Skip to Main Content


POL 121: Introduction to Politics [Reynolds]: About Politics

Supplementary Internet materials for students taking the Introduction to Politics course at Saint Leo University

Observing "Politics"

Hudson Reynolds, Ph.D. makes the following observation:

At its best politics can be a civilizing activity; it can preserve the peace, protect human rights, advance economic prosperity, and encourage excellence in the arts and sciences.  When it's done wrong, politics unleashes war, tyranny, economic ruin, and barbarism.   

Political science is both the oldest of the social sciences and the most comprehensive. Aristotle identified it as the supreme art, because its practical purpose is the promotion of the highest human good -- namely, that which includes the ends of all the other arts and sciences but whose own end is itself included in none.  Erasmus proclaimed it the most refined and difficult science to master, although the most deserving of study. 

For two and a half thousand years, the study of political science has held its place within the Western tradition as the centerpiece of a liberal arts education.

Copyright © 2000  Hudson Reynolds, Ph.D.

Modern Definitions of Politics

The American Association of Political Science endeavors to define the study of politics.

What Is Political Science?

Political science is the study of governments, public policies and political processes, systems, and political behavior.  Political science subfields include political theory, political philosophy, political ideology,  political economy, policy studies and analysis, comparative politics, international relations, and a host of related fields.  (For a good cross section of the areas of study, see the list of APSA Organized Sections.)  Political scientists use both humanistic and scientific perspectives and tools and a variety of methodological approaches to examine the process, systems, and political dynamics of all countries and regions of the world. 

Why Study Political Science?

Are you interested in American politics?  International affairs?  Critical issues such as health, the environment, civil rights?  Theories concerning the ideal government and how power and resources are allocated in society?  Do you want to study these subjects and pursue a career based on your interest?  If so, you should consider studying political science.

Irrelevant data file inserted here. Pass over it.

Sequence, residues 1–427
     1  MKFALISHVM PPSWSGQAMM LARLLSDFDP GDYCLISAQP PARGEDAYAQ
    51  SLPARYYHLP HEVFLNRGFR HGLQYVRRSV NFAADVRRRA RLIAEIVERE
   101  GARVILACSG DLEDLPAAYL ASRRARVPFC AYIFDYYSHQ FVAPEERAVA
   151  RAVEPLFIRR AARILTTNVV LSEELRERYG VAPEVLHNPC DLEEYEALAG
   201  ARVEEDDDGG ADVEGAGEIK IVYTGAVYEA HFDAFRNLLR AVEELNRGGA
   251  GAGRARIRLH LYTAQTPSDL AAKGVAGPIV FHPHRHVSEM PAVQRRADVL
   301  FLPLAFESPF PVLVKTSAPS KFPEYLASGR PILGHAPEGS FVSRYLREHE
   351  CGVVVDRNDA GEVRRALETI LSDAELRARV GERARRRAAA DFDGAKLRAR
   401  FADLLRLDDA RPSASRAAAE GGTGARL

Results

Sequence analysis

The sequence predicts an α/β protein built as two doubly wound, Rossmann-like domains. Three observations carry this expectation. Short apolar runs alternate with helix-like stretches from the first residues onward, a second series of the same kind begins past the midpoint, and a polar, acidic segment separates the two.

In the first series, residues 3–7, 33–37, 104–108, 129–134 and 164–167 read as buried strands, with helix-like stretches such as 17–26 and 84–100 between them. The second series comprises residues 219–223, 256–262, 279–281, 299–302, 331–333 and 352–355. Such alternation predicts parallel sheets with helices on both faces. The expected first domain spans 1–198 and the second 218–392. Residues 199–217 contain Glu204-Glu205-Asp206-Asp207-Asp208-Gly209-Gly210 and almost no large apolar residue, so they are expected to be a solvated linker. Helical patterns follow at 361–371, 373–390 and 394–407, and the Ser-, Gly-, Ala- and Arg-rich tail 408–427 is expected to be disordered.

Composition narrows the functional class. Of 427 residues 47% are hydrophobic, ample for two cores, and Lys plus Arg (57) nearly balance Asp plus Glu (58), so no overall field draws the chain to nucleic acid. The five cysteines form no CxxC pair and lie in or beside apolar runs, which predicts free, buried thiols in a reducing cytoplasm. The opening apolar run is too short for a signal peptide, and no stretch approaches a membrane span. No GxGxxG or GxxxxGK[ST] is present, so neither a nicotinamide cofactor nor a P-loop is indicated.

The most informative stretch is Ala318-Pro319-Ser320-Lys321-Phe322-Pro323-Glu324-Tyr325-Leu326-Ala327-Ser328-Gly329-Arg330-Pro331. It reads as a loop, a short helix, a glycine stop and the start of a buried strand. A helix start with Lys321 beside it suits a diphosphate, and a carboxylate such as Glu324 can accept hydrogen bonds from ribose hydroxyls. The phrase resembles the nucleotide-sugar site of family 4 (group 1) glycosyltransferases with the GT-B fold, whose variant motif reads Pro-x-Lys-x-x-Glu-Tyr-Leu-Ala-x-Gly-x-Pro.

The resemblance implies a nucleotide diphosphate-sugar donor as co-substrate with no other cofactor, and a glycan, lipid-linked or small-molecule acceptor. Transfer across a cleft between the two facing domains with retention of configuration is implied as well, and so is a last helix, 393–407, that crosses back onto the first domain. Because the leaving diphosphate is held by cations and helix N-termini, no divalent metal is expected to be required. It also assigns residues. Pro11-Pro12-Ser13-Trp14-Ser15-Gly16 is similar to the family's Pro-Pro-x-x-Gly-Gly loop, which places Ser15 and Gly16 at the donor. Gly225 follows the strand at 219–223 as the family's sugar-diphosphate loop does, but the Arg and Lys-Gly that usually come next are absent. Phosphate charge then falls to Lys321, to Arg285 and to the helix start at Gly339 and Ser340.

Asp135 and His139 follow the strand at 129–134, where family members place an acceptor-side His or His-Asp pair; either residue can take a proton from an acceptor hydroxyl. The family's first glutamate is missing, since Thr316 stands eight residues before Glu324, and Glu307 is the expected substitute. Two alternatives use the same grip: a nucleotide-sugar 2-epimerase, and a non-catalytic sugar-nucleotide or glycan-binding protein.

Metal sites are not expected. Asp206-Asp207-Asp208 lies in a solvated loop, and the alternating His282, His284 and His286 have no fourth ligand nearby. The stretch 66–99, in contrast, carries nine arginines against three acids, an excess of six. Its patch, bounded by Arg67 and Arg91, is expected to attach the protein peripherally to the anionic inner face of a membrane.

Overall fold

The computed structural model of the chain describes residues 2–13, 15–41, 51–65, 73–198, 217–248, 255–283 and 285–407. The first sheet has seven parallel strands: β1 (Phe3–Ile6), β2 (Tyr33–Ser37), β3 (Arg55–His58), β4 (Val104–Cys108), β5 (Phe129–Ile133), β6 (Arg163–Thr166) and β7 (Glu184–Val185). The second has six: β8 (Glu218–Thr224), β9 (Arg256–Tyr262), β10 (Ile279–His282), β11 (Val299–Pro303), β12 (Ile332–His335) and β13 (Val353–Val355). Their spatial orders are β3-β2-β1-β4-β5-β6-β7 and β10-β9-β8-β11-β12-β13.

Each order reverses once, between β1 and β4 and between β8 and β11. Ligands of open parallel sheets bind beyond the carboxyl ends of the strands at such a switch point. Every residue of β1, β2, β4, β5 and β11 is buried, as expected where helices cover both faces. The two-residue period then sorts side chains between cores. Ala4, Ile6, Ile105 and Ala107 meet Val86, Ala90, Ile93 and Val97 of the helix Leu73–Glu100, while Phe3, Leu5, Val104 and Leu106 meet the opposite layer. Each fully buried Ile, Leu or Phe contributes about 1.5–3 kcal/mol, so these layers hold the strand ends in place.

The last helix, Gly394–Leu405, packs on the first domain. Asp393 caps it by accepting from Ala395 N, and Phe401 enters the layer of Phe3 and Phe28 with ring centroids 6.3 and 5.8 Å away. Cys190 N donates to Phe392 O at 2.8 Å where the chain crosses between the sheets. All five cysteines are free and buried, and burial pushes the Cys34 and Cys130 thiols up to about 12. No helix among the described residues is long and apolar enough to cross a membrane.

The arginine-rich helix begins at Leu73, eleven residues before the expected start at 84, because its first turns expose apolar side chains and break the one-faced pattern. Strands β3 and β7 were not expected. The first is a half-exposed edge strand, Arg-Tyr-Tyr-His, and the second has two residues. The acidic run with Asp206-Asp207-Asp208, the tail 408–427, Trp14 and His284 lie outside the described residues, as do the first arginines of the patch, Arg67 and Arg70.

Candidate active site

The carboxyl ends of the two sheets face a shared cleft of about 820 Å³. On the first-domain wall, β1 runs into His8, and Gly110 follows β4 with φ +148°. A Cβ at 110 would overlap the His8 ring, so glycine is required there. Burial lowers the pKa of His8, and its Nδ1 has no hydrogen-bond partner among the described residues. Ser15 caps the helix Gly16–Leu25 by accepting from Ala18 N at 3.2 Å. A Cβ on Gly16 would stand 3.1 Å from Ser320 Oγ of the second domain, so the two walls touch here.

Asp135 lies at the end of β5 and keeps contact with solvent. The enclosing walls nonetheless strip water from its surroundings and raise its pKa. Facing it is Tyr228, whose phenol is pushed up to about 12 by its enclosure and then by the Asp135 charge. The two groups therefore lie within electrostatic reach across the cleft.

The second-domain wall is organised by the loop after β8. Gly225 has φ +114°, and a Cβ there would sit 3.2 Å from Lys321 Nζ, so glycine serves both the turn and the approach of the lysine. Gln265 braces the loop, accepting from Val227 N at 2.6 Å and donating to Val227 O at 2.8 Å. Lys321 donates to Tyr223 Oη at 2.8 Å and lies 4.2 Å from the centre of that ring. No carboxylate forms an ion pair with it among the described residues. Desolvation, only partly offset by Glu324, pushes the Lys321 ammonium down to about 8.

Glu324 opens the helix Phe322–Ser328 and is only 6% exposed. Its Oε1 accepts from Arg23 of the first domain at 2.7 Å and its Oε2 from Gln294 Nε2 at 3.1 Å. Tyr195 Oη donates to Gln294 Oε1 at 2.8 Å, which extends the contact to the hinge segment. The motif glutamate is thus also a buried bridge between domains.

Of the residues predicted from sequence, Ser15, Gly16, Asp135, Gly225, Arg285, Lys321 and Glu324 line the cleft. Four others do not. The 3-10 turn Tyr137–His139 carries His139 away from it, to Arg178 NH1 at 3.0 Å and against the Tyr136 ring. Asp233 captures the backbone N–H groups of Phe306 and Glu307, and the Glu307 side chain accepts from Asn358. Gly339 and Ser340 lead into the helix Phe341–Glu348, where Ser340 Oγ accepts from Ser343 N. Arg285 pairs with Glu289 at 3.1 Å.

Political science students can gain a versatile set of skills that can be applied in a wide range of exciting careers in federal, state and local governments; law; business; international organizations; nonprofit associations and organizations; campaign management and polling; journalism; precollegiate education; electoral politics; researchand university and college teaching. 


What is Politics?

Aristotle's Politics

On Aristotle - "The Teacher"

Aristotle (b. 384 – d. 322 BCE), was a Greek philosopher, logician, and scientist. Along with his teacher Plato, Aristotle is generally regarded as one of the most influential ancient thinkers in a number of philosophical fields, including political theory. Aristotle was born in Stagira in northern Greece, and his father was a court physician to the king of Macedon. As a young man he studied in Plato's Academy in Athens. After Plato's death he left Athens to conduct philosophical and biological research in Asia Minor and Lesbos, and he was then invited by King Philip II of Macedon to tutor his young son, Alexander the Great. Soon after Alexander succeeded his father, consolidated the conquest of the Greek city-states, and launched the invasion of the Persian Empire. Aristotle returned as a resident alien to Athens, and was a close friend of Antipater, the Macedonian viceroy. At this time (335–323 BCE) he wrote, or at least worked on, some of his major treatises, including the Politics. When Alexander died suddenly, Aristotle had to flee from Athens because of his Macedonian connections, and he died soon after. Aristotle's life seems to have influenced his political thought in various ways: his interest in biology seems to be expressed in the naturalism of his politics; his interest in comparative politics and his sympathies for democracy as well as monarchy may have been encouraged by his travels and experience of diverse political systems; he criticizes harshly, while borrowing extensively, from Plato's Republic, Statesman, and Laws; and his own Politics is intended to guide rulers and statesmen, reflecting the high political circles in which he moved.

Stanford Encyclopedia of Philosophy:

Online Readings